Home—Online trading—Spread betting explained—Spread betting blog—Why gold is set up for a good rally
Jan 02, 2013, 03:04
Posted byJohn C Burford
Now that the US has avoided the fiscal cliff, markets will be in thrall to rumours surrounding the horse trading that surrounded the debt ceiling negotiations, not to mention the postponed spending ‘cuts’ that will loom large in January.
Nevertheless, markets will always do what they do best – express the shifting hopes and fears of investors as aggregate sentiment waxes and wanes.
Before the holidays, markets were fearful. But now, they are hopeful. Such is the manic-depressive nature of investors as we head into 2013.
For my first post of the new year, I want to follow up on gold, that most emotional of markets.
In my 19 December post, I noted the curious behaviour of the gold and stock markets. Briefly, stocks were rallying strongly, while gold was falling strongly.
Because markets are being driven by changes in liquidity, this should not happen! So something had to give. Either gold would reverse and start rallying, or stocks would reverse and start falling.
Since then, we are actually seeing both occur!
Take a look at the gold chart below. The chart patterns in December were suggesting a possible third wave move down:
(Click on the chart for a larger version)
But what I had not mentioned was the possibility of a large A-B-C pattern off the $1,796 top – more later.
I had my short-term tramlines in place:
And following my post, the market broke down to the fourth tramline in the $1,635 area.
This had all the hallmarks of verifying my third wave thesis, where much lower targets could be set.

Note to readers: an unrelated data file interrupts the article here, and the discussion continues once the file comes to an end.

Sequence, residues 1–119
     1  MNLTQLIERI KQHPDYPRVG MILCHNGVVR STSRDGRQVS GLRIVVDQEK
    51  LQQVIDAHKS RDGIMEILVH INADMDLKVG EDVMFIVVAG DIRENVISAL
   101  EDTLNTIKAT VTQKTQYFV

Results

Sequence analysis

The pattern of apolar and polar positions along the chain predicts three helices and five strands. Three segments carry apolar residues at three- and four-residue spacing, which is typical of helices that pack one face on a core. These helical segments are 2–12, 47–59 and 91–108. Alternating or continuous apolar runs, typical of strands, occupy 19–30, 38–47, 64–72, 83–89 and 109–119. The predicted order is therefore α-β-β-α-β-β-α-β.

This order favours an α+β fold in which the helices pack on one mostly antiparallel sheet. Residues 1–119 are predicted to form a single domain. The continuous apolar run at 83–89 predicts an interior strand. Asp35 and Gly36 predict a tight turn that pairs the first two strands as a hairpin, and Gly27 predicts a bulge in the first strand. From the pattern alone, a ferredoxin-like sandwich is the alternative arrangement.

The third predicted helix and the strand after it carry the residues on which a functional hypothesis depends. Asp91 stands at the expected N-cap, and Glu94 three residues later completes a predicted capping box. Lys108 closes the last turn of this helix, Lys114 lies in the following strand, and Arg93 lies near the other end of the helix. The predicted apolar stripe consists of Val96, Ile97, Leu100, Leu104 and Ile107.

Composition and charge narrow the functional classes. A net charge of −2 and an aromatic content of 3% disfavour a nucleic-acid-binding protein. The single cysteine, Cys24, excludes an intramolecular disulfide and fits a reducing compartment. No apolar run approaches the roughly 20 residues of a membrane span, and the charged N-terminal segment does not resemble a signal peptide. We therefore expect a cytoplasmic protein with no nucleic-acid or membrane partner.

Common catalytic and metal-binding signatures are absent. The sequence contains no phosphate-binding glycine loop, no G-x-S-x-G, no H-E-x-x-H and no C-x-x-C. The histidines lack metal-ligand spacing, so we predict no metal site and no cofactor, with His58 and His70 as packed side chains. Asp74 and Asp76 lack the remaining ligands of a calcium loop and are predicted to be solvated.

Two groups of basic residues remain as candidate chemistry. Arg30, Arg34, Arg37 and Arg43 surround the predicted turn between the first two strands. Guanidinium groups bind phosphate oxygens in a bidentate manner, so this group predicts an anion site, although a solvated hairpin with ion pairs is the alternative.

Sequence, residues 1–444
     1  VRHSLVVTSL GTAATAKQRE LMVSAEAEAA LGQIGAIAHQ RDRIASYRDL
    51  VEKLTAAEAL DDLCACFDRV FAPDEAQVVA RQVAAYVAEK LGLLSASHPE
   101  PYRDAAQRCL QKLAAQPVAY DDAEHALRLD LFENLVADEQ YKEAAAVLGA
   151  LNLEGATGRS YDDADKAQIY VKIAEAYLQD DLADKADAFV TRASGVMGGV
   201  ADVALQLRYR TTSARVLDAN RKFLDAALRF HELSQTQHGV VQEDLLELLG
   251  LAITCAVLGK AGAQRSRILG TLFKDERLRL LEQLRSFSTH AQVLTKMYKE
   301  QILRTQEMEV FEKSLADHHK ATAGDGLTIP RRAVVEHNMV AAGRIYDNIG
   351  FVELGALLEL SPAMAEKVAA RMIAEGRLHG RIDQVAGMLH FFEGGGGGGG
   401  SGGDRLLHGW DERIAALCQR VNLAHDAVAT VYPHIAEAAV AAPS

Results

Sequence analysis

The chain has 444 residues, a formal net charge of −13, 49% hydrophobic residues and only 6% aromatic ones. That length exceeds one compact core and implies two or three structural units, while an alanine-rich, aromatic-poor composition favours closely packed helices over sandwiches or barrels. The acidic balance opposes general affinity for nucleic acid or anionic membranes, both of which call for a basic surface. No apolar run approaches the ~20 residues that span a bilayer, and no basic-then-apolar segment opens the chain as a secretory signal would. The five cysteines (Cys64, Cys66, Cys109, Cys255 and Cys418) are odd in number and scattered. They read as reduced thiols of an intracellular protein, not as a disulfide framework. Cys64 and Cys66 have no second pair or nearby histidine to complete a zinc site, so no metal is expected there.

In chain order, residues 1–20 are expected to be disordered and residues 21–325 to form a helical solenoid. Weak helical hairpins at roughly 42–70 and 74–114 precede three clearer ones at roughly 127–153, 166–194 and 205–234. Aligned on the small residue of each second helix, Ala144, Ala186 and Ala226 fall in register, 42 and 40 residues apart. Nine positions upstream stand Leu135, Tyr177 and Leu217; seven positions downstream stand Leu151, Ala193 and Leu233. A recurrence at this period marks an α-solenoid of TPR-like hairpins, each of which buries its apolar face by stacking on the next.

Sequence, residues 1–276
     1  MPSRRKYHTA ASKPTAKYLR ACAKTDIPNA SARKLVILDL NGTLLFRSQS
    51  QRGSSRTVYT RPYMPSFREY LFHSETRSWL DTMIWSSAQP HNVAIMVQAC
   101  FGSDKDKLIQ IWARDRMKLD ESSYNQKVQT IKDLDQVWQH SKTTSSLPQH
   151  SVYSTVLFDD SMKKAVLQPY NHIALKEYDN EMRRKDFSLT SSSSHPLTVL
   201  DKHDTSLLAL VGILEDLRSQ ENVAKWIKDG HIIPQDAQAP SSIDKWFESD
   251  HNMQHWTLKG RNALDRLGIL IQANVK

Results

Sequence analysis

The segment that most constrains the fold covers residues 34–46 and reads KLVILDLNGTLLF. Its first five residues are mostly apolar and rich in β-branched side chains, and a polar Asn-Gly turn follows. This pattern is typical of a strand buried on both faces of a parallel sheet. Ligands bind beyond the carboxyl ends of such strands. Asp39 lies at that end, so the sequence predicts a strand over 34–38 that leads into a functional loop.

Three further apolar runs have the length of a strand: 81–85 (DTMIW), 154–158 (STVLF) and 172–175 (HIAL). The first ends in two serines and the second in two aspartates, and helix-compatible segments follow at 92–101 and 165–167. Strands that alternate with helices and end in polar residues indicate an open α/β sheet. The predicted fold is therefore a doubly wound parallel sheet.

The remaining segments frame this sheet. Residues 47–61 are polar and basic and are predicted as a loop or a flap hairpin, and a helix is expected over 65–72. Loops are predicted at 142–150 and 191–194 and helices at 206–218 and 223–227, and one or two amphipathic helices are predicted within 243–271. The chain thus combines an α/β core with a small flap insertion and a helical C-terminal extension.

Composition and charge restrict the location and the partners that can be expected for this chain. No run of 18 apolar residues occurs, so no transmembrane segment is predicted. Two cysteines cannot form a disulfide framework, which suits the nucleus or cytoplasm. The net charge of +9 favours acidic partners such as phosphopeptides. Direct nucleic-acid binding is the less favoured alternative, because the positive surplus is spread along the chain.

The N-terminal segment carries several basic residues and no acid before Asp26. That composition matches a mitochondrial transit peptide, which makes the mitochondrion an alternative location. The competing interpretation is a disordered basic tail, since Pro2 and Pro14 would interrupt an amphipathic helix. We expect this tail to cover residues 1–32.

But note the positive momentum divergence at the low (red bars). That was a note of caution.
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But now, let’s look at the daily chart for perspective. When focusing too hard on the short-term charts, it is easy to lose sight of what the bigger picture can tell us:
Aha! I can draw a superb tramline pair with my lower tramline catching the first touch point (green arrow) and the major November low.
The market had then fallen down to the lower tramline – and with a positive momentum divergence.
The odds were now stacking up for a major upside reversal off the lower tramline.
So let’s fast forward to this morning:
I have the large A-B-C pattern (corrective) off the $1,796 top, and within the C wave, there is also a clear A-B-C form (which is also corrective).
The implication is clear: the direction is up.
If my tramlines are still valid, a major target is the upper tramline in the $1,700 region.
Recently, the futures professionals have turned their previously bullish sentiment around 180 degrees. Latest figures from trade-futures.com show only 10% or so bullish on gold (and silver). This is an amazing turn-around – and augers well for a good rally!
And here is the latest Commitments of Traders (COT) data:
The large specs also have fallen out of love with gold as they have reduced their longs and increased their shorts, as have the small specs. They remain overwhelmingly long, though.